Here's Why A Restaurant Asked For Bad Yelp Reviews
Consumer review site Yelp may be popular - it claims more than 185 million visitors a month - but it's controversial. As AOL has reported before, some businesses have complained that Yelp has demanded payment to improve the number of good reviews or has allowed clearly inaccurate write-ups to remain online.
Yelp has denied the charges, but some business owners remain skeptical, including Chef Michele Massimo and Davide Cerretini of the Richmond, California restaurant Botto Bistro. They claimed that Yelp would change their total review ratings depending on whether he advertised or not, according to the Associated Press.
Yelp ad reps called "30 times a week, sometimes five times a day," Cerretini told Inc.com. So they decided to change directions and campaign for bad reviews from customers in an attempt to prove that Yelp reviews were meaningless.
Initially, Botto Bistro promised a 25 percent discount on pizza for people who would give them a one-star review, the lowest possible on Yelp. "Hate us and we'll love you!" the restaurant said on its Facebook page.
The response was strong. "Thousands of responses, e-mails and, most importantly, over 1,500 one stars reviews written with sarcasm by Botto supporters from all over the country and also overseas," said the company's website.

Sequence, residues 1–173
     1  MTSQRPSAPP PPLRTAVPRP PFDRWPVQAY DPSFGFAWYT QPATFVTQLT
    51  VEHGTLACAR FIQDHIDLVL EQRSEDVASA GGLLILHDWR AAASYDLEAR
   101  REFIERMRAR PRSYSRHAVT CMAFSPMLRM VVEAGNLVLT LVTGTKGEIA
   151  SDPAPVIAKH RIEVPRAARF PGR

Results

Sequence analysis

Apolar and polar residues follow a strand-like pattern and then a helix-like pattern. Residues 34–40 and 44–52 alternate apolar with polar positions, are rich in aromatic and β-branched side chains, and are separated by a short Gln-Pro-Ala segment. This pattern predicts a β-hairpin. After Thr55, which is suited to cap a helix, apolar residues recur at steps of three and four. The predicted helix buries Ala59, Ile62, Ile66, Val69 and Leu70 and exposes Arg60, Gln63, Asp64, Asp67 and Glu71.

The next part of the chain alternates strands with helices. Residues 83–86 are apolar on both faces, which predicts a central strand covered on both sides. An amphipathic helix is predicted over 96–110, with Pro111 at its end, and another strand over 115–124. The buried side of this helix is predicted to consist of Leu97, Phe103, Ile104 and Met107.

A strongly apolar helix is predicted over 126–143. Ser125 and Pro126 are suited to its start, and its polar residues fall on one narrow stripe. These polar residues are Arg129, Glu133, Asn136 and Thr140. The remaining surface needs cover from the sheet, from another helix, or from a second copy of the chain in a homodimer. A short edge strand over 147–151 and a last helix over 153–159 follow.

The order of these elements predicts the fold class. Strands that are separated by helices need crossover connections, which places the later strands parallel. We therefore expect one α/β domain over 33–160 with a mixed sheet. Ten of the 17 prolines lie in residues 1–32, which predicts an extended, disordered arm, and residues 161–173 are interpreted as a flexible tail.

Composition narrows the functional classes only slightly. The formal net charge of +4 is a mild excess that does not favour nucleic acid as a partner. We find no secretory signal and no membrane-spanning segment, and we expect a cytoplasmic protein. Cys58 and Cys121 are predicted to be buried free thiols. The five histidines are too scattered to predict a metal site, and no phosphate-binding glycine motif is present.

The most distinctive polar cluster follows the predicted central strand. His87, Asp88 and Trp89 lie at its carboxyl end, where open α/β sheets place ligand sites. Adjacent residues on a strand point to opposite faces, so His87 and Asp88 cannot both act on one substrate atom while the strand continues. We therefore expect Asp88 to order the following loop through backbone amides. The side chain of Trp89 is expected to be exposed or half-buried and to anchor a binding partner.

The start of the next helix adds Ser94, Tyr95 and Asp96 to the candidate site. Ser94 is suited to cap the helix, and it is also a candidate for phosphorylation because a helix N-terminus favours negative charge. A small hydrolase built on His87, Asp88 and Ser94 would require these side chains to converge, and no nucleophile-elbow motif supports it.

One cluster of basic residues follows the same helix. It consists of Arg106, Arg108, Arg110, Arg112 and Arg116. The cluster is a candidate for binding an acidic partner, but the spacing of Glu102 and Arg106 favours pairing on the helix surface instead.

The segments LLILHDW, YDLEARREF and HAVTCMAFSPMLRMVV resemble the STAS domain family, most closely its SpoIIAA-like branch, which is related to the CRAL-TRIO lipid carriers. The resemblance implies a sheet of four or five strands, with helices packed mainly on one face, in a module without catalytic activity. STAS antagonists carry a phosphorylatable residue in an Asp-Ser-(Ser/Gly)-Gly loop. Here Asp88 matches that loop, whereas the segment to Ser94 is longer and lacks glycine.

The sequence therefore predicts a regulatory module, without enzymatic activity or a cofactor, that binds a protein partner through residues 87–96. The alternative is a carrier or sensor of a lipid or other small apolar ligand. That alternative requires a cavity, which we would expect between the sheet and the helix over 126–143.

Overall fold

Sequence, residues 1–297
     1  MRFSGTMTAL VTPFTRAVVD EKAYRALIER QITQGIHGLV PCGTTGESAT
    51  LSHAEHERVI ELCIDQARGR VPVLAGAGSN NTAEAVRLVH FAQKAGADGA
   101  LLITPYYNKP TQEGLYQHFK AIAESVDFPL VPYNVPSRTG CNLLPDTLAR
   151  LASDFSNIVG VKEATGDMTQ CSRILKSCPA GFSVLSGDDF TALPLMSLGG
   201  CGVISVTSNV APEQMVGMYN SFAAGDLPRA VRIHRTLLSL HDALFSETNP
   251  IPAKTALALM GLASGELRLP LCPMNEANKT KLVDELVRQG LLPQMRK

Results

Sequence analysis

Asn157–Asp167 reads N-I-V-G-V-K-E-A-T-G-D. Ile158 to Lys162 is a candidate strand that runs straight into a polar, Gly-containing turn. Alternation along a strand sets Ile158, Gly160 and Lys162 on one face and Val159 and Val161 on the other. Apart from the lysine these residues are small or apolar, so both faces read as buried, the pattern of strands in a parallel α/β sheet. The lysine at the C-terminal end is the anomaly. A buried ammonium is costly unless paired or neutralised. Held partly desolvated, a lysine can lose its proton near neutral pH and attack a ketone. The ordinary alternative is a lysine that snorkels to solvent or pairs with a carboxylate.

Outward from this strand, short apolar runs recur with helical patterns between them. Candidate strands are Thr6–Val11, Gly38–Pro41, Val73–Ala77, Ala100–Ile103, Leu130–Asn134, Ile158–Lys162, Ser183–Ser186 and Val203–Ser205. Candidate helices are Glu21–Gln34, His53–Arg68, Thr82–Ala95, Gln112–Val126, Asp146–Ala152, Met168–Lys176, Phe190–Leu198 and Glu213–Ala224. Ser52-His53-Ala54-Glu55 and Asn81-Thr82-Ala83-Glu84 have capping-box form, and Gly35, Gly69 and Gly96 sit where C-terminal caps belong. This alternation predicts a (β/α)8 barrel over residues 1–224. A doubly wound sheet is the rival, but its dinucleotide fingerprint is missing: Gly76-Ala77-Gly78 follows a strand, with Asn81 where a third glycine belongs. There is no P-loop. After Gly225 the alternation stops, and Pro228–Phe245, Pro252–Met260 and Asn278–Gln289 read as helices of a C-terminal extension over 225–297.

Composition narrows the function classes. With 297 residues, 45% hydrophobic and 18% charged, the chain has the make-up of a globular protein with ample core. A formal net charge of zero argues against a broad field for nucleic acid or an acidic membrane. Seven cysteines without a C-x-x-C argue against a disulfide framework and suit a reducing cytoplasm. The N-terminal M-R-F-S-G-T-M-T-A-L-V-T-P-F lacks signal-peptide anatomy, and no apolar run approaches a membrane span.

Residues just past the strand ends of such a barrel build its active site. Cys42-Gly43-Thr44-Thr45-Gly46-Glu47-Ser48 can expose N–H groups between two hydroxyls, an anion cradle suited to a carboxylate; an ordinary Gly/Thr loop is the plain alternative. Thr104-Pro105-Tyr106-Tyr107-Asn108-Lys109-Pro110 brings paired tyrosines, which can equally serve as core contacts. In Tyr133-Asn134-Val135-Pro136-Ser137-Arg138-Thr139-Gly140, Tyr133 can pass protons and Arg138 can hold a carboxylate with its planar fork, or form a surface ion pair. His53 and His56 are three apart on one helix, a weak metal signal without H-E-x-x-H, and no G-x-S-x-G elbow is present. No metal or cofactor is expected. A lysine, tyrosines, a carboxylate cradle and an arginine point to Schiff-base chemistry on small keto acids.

A few bad reviews can often hurt a business on Yelp. But with this many that were clearly mocking the Yelp system - one reviewer complained that they wouldn't deliver a pizza to a city that was more than 460 miles away - the result was quite the opposite.
"Our campaign put us in the position of not being blackmailed," Cerretini told CNBC. "For years we played the snarky restaurant that does the opposite of every other restaurant in the country." For example, there's no ice for drinks and they sell only whole pies, not slices. "Definitely our business has improved. We were in shock and surprised to see how much support we received."
They allege that Yelp has struck back by removing many of the one-star reviews, telling reviewers that the write-ups lacked a "core consumer experience." A recent court case said that even if Yelp were manipulating reviews, it wouldn't rise to the level of extortion, according to the San Jose Mercury News.
What could stop Botto Bistro's success now? Could this be the first time a restaurant could be hurt by good reviews?
Update: 10/14/2014 2:25: A Yelp spokesperson responded to an initial inquiry from AOL Jobs. The company stresses that "we use automated software to help us determine which reviews to recommend to our users so that we are only highlighting the most helpful and reliable reviews" and that companies are not allowed to offer payments of any sort for reviews. The company did provide a link to all the Botto Bistro reviews that it did not recommend to readers.